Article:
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Freshmen 42: Most oppose $4,400 pay hike

The House Democratic freshmen have a hefty gift that they'd like to offer up to taxpayers: their pay raise for 2008.

Last night, in one of those procedural votes that would cause headaches if Capitol Briefing were to explain the full parliamentary nature of it all, the House voted 244-181 to allow themselves a $4,400 hike in pay for the next fiscal year. This bumps pay to $170,000 for rank-and-file members.

Of those 181 votes against the pay raise, 36 came from the Freshmen 42, the Democrats who catapulted Nancy Pelosi (D-Calif.) into the role of House speaker this year.

Their attitude was perhaps best summed up by Rep. Gabrielle Giffords (D-Ariz.), who won an open seat previously held by a veteran GOP incumbent. "Last year I promised Southern Arizonans that I would not vote for a pay raise until Congress balances the federal budget," the Tucson lawmaker said last night. "Today I fulfilled that promise."

Let their be no mistake, the congressional pay raise -- a cost-of-living adjustment based on inflation -- is one of the more purely symbolic political moves taken up annually.

Long-time incumbents in very safe districts invariably vote for the COLA increase. Take Reps. John Murtha (D-Pa.) and Jerry Lewis (R-Calif.), both senior members of the Appropriations Committee, with a combined House tenure of more than 60 years. Both have faced recent ethical questions about earmarks they put in spending bills benefiting lobbying firms they are close to - and both voted to pocket the extra $4,400 next year.

In January, when wrapping up left-over business for fiscal year 2007, House Democrats decreed that they wouldn't take a pay raise this year because the minimum wage hadn't increased since 1996. Well, with the wage hike included in the more than $120 billion supplemental funding bill that financed ongoing Iraq war operations, Pelosi and other leaders happily included the $4,400 COLA for members in this year's financial services appropriations measure.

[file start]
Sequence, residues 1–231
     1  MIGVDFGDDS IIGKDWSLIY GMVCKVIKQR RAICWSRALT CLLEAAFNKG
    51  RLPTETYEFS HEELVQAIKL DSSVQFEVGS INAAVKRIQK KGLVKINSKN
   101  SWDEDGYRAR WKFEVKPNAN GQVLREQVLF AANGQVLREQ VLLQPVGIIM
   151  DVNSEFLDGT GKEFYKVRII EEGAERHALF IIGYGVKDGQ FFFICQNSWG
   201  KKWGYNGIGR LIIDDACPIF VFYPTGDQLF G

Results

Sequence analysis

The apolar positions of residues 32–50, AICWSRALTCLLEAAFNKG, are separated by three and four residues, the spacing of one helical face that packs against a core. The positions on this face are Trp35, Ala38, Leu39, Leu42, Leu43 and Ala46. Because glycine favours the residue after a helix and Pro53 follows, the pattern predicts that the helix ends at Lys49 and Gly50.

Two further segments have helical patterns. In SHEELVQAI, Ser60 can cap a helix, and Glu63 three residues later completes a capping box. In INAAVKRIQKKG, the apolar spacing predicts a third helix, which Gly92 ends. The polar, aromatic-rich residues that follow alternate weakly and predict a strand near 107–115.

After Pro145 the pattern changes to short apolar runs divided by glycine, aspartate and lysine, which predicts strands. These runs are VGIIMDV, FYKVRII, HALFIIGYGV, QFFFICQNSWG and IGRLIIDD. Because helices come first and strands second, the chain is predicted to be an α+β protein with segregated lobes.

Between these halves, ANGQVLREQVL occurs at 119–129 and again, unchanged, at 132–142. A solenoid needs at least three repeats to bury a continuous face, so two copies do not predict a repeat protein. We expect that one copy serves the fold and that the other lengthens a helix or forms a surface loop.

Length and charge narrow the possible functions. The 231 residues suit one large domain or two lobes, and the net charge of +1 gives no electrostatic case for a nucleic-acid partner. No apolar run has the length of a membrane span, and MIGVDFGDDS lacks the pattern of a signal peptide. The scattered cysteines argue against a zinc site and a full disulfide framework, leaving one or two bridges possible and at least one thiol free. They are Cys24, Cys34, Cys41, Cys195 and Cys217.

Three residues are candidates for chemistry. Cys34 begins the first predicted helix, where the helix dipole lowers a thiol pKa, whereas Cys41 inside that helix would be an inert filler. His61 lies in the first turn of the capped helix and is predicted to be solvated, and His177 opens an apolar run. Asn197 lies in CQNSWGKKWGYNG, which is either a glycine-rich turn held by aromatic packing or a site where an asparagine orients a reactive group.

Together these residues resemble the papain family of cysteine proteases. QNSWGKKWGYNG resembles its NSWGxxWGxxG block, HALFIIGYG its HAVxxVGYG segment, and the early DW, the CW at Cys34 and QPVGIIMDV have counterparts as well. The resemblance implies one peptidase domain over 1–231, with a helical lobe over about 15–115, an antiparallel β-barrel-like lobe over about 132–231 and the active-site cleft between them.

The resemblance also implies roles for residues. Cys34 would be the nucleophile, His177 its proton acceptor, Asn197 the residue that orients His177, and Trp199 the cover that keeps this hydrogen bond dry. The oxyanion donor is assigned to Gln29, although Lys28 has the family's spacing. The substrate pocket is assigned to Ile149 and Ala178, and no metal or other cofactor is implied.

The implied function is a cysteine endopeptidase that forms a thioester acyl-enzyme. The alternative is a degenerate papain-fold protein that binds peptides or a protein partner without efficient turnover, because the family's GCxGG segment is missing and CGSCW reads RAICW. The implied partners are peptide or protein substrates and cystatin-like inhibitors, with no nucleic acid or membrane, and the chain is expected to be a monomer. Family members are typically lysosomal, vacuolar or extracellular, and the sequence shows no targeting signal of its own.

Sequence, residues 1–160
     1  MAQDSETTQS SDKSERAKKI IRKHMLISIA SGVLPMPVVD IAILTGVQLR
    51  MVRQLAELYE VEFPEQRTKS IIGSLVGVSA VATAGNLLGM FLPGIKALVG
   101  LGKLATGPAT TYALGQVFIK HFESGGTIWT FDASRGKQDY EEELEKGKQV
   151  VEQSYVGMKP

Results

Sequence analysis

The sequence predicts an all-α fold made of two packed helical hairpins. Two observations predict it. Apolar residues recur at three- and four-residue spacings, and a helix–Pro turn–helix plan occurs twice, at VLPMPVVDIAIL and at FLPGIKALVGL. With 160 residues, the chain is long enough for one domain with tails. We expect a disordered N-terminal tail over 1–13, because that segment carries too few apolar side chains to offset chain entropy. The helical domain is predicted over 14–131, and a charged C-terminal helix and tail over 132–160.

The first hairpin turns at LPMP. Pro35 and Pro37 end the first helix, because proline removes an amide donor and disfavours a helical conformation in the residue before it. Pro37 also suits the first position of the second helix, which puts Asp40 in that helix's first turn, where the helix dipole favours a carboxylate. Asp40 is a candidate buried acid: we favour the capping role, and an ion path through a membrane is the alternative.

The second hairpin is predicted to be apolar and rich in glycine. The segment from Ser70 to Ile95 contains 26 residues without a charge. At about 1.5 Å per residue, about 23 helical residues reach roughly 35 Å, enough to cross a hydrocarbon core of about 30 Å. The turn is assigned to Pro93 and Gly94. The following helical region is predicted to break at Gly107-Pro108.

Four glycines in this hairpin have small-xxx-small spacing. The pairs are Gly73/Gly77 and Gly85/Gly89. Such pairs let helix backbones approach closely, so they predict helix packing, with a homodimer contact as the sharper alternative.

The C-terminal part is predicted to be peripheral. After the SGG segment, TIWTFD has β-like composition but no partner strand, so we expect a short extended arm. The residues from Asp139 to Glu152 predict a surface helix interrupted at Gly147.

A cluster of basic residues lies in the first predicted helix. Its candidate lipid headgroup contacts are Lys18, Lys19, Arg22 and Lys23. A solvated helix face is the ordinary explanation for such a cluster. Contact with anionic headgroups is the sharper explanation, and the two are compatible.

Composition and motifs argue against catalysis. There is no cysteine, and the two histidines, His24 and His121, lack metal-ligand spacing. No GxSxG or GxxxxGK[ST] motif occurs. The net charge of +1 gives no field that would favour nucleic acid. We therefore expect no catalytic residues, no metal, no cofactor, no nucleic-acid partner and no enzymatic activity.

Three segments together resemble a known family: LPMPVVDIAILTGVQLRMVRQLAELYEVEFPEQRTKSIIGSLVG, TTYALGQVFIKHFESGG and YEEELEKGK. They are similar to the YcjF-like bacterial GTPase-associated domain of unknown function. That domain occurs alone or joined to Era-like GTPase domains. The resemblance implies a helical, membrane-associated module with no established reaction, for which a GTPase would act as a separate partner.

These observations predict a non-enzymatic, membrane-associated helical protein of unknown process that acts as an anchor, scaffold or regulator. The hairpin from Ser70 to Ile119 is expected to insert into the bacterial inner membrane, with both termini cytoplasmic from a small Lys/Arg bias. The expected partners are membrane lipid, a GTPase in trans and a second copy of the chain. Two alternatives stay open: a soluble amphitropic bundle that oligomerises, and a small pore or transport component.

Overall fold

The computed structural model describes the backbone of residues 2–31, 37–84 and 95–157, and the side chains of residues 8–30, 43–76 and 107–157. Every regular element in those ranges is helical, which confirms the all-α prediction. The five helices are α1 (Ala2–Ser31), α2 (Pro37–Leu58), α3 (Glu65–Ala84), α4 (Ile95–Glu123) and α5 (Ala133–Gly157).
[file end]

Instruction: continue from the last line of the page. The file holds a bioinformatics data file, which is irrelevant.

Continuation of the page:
But many of those incumbents from difficult districts who live in constant fear of a 30-second sound bite ad attacking them for anything, still opposed the pay raise. These nervous freshmen gave all sorts of explanations for why the money could be put to much better use -- war, poverty, natural disasters, etc.

Six freshmen Democrats voted for the pay raise, and not surprisingly they are from safe districts: Reps. Kathy Castor (Fla.), Hank Johnson (Ga.), Mazie Hirono (Hawaii), John Sarbanes (Md.), Albio Sires (N.J.) and Yvette Clarke (N.Y.).

There's still no word on how many of the 36 freshmen Democrats who opposed the pay raise will actually accept the extra $4,400 next year, but Capitol Briefing has taken notice of how often they like to do things as a group. They meet every Wednesday morning with Pelosi, formed their own political action committee together and often vote as a bloc, such as yesterday's pay-raise vote.

Here's hoping that all 36 of those freshmen Democrats who opposed the extra $4,400 will pool that extra pay, totaling $158,400, and collectively put the cash to some good purpose.

Capitol Briefing invites reader recommendations for what the freshmen could or should do with the $158,400 in the comments section below. Here are three possibilities:

• Turn the money over to the U.S. Treasury to pay down the federal debt;
• Buy some body armor for under-protected troops in Iraq;
• Give the money to a worthy non-profit like DC Central Kitchen, helping feed the homeless in the new members' adopted home town.

By Paul Kane  |  June 28, 2007; 12:07 PM ET
 
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